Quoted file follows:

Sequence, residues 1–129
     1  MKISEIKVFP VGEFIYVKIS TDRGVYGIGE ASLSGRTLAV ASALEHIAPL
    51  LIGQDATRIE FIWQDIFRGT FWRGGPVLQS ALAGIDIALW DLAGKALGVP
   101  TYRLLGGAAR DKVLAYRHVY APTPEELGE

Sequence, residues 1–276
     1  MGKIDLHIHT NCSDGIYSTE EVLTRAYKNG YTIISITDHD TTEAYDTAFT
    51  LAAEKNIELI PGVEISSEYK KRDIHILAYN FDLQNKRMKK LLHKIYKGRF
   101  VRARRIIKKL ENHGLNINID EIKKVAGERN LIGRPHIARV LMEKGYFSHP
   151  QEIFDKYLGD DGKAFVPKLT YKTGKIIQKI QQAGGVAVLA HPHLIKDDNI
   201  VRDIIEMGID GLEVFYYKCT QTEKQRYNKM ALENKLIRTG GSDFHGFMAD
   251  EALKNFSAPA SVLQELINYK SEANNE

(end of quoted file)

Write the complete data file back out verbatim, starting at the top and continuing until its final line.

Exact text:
Sequence, residues 1–129
     1  MKISEIKVFP VGEFIYVKIS TDRGVYGIGE ASLSGRTLAV ASALEHIAPL
    51  LIGQDATRIE FIWQDIFRGT FWRGGPVLQS ALAGIDIALW DLAGKALGVP
   101  TYRLLGGAAR DKVLAYRHVY APTPEELGE

Sequence, residues 1–276
     1  MGKIDLHIHT NCSDGIYSTE EVLTRAYKNG YTIISITDHD TTEAYDTAFT
    51  LAAEKNIELI PGVEISSEYK KRDIHILAYN FDLQNKRMKK LLHKIYKGRF
   101  VRARRIIKKL ENHGLNINID EIKKVAGERN LIGRPHIARV LMEKGYFSHP
   151  QEIFDKYLGD DGKAFVPKLT YKTGKIIQKI QQAGGVAVLA HPHLIKDDNI
   201  VRDIIEMGID GLEVFYYKCT QTEKQRYNKM ALENKLIRTG GSDFHGFMAD
   251  EALKNFSAPA SVLQELINYK SEANNE